Primary Care Progress Applauds Harvard's Primary Care Center

Oct 28, 2010, 00:01 ET from Primary Care Progress

- New Harvard Medical School Center sends strong message of primary care's importance to healthcare system

- Primary Care Progress calls community engagement critical to the establishment of Harvard's center

- Students and trainees hungry for leadership roles in revitalization of primary care

BOSTON, Oct. 28 /PRNewswire-USNewswire/ -- Harvard Medical School's (HMS) establishment of its $30 million Center for Primary Care is a powerful statement of the importance of primary care and the role major medical institutions must play in its transformation, according to Boston-based nonprofit Primary Care Progress (PCP).  PCP credits a dedicated and engaged primary care community, partnering with a visionary dean, for the formation of Harvard's new Center.  

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With the recent national expansion of healthcare coverage, the Association of American Medical Colleges predicts a shortage of 45,000 primary care doctors over the next decade.

"At a time when America faces a daunting primary care workforce shortage, it's encouraging to see the impact a motivated medical community can have on revitalizing primary care education," said Dr. Andrew Morris-Singer, an internist at Boston's Brigham & Women's Hospital and founder of Primary Care Progress.  "Students and trainees are already helping to transform primary care and this center aims to prepare them to be the leaders that this country needs."

Over the last year, PCP organized several town hall-style meetings at Harvard focused on promoting the value of primary care and harnessing community input regarding new programming. The dean of HMS, Jeffrey Flier, asked members of the community to help put forth recommendations to the school on how to reinvigorate its primary care focus.

"Primary Care Progress played an important role in mobilizing Harvard's primary care community to participate in this important dialogue," said Jeffrey Flier.  "Harvard Medical School looks forward to working with groups like Primary Care Progress to engage the next generation in the work of improving our healthcare system."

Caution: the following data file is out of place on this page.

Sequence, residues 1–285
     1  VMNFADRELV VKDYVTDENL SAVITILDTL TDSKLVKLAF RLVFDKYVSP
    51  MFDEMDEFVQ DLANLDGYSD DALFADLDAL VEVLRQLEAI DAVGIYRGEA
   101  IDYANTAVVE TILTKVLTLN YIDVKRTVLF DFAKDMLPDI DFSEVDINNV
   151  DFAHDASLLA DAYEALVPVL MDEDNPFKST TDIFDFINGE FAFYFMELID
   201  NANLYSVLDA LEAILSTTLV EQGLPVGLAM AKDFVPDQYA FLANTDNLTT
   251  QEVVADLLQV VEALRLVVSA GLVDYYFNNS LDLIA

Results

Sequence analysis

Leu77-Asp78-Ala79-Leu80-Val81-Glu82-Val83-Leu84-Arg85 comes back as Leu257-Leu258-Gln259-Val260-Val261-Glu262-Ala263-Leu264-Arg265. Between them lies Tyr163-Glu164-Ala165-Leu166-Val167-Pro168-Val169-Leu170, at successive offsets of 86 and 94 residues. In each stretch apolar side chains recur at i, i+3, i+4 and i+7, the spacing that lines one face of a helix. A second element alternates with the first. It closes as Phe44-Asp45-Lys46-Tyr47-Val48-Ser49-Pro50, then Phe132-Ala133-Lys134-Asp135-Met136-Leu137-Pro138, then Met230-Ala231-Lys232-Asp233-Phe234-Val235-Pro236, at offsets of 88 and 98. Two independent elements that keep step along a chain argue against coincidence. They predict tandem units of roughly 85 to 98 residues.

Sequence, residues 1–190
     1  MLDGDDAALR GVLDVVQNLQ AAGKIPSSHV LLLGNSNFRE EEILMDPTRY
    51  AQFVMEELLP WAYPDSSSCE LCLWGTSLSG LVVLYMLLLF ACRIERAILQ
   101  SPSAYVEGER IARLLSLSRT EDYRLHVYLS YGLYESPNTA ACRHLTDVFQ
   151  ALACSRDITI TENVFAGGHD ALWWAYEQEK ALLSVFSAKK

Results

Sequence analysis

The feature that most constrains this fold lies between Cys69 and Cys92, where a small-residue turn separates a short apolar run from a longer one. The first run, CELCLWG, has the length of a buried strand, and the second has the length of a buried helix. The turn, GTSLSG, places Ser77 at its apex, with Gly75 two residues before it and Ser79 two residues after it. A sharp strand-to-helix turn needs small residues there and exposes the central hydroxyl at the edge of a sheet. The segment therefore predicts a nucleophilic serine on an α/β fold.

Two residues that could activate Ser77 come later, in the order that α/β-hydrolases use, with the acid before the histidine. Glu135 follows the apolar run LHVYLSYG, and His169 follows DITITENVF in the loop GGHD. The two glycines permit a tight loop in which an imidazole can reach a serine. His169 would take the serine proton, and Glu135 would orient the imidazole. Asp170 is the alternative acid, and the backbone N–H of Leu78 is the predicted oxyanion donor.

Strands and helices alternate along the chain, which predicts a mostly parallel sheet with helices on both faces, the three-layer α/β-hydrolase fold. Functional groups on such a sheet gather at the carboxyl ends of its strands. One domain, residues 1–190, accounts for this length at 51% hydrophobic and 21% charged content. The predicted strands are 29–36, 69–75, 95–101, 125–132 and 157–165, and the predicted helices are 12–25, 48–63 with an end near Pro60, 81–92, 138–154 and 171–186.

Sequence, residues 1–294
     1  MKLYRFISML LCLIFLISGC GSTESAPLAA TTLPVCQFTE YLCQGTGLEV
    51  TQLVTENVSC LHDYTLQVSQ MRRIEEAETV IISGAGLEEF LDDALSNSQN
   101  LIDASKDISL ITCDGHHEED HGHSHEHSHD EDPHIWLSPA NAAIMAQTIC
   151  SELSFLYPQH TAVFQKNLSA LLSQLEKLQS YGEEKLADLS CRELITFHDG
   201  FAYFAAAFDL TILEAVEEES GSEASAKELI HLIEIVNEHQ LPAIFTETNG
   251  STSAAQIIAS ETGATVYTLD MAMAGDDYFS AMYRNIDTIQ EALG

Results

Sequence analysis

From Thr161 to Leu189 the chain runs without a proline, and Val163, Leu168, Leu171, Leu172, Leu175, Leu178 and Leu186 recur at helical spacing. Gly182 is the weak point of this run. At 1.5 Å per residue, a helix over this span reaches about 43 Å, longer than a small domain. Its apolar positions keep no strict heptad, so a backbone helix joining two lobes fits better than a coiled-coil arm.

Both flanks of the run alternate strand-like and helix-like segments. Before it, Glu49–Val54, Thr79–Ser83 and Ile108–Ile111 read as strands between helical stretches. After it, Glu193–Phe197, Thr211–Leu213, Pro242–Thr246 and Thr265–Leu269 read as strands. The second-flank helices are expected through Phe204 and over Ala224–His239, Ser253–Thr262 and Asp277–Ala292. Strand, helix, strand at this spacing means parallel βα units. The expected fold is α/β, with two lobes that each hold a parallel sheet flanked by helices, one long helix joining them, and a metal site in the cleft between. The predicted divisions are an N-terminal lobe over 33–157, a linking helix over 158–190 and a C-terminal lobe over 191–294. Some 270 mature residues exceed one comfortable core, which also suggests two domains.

Primary Care Progress is a growing network of primary care providers, trainees, and students working in local communities to promote primary care and engage members in efforts to transform care delivery and education. PCP offers resources, inspirational stories, and opportunities for members to connect and collaborate at www.primarycareprogress.org.

Longtime primary care advocate and co-director of the Center for Excellence in Primary Care at the University of California-San Francisco, Thomas Bodenheimer, applauds these developments. "This new center and the community movement fundamental to its establishment give me great hope for the future of American medicine."

For more information, please contact Brian Blank (754.273.7861). Please visit Primary Care Progress on Facebook or follow us on Twitter.

Primary Care Progress is a non-profit organization that is focused on engaging current and future primary healthcare professionals to reinvigorate America's primary healthcare system. For more information, visit www.primarycareprogress.org/press/.

SOURCE Primary Care Progress